Dogs lick themselves to get rid of dead tissue and clean dirt from wounds. But when the licking becomes excessive, it may reopen wounds or cause other kinds of harm. By keeping a watchful eye over these excessive licking traits, you can help save your pet from harming himself, assuring your role as their protectors and guardian.
“Did I miss a spot?”
Just like humans suffer from Obsessive Compulsive Disorders (OCD), dogs , too, have the tendency to obsessively lick themselves. If you notice that your dog is licking the same object or area over and over again, seek medical help right away.
Sometimes your dog may seem scared or troubled which may cause them to release their stress levels through a series or repetitive licking sessions. While obsessive licking reinforces anxiety, it makes the problem worse causing it to become an annoying habit and a serious neurotic, behavioral issue indicating a medical problem.
Sometimes your pets minimal licking spree may intensify with time, making your dog lick you all over your face. Whether or not this is socially acceptable behaviour would completely depend on how you train your pooch.
Dogs communicate amongst other pack members by licking and smelling each other, exchanging emotions of sorts which could be a sign of friendship, hunger or submission. They do this with people as well, but as we’re not as good at interpreting the message, we’re often left confused with mixed signals and respond in the opposite manner.
If you’re caught in a situation where your dog is intensely licking you, check to see if your surroundings lack anything they require. Your dog may need something, so take a look around and check to see if the water bowl is empty or the doggie door is closed.
According to dog pack behavioural traits, pups lick their mothers indicating that it’s feeding time. Researchers state that this is just another sensory tool and can be compared to human exploration traits like reaching out and touching something.
“Are you as happy to see me just as I am to see you!”
Probably the most common reason that domestic dogs lick. Sadly, not every pet owner takes to this kind of greeting and affection differently.
Many pet parents choose to change this dog habit. Pleasurable endorphins are released when dogs lick for affection, calming and comforting them. This can be seen as canine attention-seeking behaviour. They may lick you to get your attention or it may be a way of playing.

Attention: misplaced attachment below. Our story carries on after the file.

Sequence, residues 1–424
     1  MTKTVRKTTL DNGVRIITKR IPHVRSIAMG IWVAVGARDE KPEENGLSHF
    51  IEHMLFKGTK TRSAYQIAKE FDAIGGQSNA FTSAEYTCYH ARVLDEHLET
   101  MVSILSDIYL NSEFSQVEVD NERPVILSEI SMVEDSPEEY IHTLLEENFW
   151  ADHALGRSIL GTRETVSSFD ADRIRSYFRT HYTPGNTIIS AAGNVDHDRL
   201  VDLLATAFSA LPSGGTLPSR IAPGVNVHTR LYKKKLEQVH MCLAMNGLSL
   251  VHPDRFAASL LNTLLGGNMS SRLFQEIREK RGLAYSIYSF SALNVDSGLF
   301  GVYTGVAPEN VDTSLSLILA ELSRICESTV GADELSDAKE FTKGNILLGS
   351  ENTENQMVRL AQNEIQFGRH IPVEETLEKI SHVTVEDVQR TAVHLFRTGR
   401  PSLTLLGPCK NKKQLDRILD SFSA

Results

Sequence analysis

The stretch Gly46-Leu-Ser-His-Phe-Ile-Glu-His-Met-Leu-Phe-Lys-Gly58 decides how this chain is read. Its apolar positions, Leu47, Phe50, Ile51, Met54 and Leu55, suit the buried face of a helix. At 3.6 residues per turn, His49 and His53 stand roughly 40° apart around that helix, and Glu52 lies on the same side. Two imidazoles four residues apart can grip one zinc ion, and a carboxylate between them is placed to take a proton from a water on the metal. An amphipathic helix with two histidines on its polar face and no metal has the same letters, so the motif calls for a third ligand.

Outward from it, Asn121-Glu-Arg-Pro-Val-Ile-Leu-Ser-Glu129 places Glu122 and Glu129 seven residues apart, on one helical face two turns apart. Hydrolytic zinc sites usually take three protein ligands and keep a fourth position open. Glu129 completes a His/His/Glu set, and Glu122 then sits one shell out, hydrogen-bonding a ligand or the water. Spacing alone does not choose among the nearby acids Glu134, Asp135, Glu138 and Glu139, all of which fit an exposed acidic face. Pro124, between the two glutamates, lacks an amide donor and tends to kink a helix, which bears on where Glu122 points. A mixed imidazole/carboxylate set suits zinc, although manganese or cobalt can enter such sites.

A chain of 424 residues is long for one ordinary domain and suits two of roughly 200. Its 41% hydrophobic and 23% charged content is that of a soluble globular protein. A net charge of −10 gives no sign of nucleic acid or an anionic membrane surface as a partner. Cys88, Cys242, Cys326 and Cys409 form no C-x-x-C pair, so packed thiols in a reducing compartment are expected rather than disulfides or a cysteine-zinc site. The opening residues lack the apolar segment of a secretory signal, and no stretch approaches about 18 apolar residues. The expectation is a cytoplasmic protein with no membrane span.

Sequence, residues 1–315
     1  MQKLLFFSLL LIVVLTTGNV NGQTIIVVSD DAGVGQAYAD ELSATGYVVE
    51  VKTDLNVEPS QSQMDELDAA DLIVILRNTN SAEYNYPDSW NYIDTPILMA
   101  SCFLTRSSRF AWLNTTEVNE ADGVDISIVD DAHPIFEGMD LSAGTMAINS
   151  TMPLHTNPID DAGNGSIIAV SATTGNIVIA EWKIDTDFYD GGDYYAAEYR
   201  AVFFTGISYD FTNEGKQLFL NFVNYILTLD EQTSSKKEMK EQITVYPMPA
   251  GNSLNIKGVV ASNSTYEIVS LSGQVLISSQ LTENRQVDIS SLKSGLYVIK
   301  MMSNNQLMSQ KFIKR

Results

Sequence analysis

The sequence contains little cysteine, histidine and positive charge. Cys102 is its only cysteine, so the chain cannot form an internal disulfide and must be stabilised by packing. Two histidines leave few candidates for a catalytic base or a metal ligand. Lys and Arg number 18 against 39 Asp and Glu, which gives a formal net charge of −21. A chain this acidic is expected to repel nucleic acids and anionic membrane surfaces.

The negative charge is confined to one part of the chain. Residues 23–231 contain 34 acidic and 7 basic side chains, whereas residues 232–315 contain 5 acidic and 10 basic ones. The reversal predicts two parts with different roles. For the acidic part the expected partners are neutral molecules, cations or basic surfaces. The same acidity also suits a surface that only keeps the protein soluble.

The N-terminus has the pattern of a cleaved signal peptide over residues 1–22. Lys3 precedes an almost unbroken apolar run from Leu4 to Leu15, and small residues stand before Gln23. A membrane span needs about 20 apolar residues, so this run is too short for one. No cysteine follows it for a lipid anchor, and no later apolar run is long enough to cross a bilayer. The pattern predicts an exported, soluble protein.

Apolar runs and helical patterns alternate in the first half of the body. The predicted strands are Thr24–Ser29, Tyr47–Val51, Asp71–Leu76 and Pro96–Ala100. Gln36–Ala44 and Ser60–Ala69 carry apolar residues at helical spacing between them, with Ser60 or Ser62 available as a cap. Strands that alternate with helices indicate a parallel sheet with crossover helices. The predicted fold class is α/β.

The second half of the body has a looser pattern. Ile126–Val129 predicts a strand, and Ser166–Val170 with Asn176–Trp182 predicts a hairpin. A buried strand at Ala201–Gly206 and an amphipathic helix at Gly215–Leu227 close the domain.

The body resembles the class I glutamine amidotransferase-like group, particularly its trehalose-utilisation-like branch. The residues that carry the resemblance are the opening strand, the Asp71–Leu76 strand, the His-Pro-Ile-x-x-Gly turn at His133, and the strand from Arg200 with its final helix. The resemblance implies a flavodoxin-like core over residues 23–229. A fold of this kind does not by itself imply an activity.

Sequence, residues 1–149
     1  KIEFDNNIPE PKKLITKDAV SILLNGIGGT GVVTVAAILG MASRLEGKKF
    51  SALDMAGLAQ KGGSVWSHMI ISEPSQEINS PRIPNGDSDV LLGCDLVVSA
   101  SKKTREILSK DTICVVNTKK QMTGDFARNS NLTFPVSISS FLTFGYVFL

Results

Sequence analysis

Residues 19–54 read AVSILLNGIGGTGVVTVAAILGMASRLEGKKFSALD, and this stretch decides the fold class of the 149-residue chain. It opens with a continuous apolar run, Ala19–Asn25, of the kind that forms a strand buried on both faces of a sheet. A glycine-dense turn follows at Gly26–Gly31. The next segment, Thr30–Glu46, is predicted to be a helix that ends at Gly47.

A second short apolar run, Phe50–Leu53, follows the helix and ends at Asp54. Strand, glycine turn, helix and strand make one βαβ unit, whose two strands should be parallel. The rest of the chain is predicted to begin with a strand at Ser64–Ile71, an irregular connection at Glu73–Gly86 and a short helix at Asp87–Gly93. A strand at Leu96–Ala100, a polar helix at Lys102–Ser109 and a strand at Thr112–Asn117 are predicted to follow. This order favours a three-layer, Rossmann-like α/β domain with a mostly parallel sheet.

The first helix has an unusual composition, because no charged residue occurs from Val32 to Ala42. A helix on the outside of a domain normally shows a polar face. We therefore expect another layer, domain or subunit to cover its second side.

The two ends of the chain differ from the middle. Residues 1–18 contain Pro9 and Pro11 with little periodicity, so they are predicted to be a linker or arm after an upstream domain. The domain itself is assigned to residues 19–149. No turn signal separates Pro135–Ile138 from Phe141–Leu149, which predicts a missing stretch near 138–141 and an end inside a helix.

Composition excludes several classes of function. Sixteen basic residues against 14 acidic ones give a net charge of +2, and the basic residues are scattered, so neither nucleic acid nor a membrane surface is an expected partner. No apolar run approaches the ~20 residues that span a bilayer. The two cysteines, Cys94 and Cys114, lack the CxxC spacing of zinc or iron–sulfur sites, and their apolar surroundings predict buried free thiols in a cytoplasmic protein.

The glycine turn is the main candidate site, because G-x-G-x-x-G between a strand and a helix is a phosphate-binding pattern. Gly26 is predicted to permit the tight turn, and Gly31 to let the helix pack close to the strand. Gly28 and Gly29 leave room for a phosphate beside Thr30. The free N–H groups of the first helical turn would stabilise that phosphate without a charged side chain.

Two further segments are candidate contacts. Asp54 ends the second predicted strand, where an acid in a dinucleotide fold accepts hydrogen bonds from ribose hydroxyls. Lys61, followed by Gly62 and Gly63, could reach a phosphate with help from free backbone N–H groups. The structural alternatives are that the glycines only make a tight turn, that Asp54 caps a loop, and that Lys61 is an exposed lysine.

Going by the pack rules, lower-ranking pack members lick their superiors to be accepted and invited to dine on communal prey. No matter the breed, licking the face of another dog is the universal message of dog submission or it could be affection.
This ancient type of behavior has been around since the time they were wolves.
When the leader of the pack, or the Alpha wolf or wild dog returned from the hunt with prey, the other subordinate members of the pack happily greeted them, but always waited their turn to eat. By cowering and licking the mouths of the more dominant members of the pack, they displayed their affection and submission. Maybe this behaviour would land them a scrap or two.
Pet parents often complain about being “licked to death”. Even though this habit has travelled through generations of the canine family, it can be curbed.
Remember, Dino, the pet dinosaur that enthusiastically greeted his owner, Fred Flintstone every time he returned home? For most of us, this would be the best form of greeting to receive on returning home after a long working day.
Still wondering why do dogs lick?
The verdict: All dogs lick and will continue to lick… EVERYTHING!
Image Courtesy: flickr.com/billselak